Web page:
A junior engineer of the Public Work Department (PWD) told India Legal that “work on the new building was 80 percent complete”. The centrally air-conditioned building has been constructed in accordance with the green building concept, for which a certificate is still pending. “This building has been engineered with fly ash bricks; has a water-harvesting system, solar panels for lighting and environment friendly tiles. In two years, PWD has used up Rs 265 crore of the allocated sum of  Rs 306 crore,’’ he said.

He admitted that there was a dire need to allocate more space, especially for parking of police vans and vehicles of lawyers and the public. The present provision is for only 810 cars, whereas in PHC, it was 2,000.

The project is set for completion in December and after that, it will be handed over to the Delhi government. The High Court will then take a call when to shift.

The Maharaja Connection

A brief history of Patiala House Court

  • Patiala House, designed by British architect Sir Edwin Lutyens, is situated at Tilak Marg near India Gate in central Delhi
  • It is the former palace of the Maharaja of Patiala
  • When Indira Gandhi was the PM, she abolished privy purses in 1970 and took over the palace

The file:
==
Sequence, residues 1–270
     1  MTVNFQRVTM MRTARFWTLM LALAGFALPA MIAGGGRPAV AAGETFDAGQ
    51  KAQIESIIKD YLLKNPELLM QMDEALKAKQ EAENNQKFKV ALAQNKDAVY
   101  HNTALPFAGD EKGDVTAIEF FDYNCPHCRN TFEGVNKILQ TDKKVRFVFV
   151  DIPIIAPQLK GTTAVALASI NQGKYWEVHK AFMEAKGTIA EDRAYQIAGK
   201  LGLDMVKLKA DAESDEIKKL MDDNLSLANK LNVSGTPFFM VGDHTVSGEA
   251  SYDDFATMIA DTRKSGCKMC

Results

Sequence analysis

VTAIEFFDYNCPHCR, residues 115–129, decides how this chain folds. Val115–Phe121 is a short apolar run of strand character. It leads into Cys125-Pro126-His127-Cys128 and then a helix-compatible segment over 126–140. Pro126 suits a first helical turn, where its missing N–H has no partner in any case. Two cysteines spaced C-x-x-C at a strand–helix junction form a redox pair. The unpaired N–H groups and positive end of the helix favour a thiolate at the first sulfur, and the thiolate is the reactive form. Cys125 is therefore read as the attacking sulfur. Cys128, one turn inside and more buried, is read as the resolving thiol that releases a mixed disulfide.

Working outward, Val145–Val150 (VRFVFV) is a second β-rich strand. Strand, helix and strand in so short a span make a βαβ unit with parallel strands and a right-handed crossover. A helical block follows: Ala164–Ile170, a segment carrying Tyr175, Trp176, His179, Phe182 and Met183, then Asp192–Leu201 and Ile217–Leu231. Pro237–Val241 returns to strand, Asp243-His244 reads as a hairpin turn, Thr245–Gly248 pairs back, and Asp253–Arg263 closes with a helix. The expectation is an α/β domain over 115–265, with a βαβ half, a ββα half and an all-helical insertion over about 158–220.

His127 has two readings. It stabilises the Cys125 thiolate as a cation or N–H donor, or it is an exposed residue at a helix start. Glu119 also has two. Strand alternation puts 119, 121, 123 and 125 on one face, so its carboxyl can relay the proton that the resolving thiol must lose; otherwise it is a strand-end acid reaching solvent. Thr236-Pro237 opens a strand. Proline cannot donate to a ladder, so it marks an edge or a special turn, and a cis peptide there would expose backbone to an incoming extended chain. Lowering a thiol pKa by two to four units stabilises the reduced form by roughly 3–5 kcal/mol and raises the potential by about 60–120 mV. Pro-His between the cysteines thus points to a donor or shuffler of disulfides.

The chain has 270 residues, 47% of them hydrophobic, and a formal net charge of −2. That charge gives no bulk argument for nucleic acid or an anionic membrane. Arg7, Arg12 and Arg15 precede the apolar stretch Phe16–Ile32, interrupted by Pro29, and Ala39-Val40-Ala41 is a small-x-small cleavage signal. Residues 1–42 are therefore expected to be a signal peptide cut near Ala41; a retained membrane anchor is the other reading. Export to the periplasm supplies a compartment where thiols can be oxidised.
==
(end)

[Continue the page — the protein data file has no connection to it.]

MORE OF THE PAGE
• As the population of Delhi grew, in March 1997, Patiala House was converted into a court complex and criminal courts from Parliament Street were shifted there

Another problem for lawyers is of jurisdiction. The capital is divided into 10 police districts. PHC deals with criminal cases of New Delhi, South and South-West districts. However, the new complex, said advocate Santosh Mishra, falls in the jurisdiction of IP Estate police station. “This is problematic as getting a court complex outside one’s own jurisdiction is against the rule of law.” (See Box)

The rationale behind the concept of jurisdiction is that a court should be able to adjudicate only in those matters which fall within the geographical, political or pecuniary limits of its authority. These can be defined by three aspects: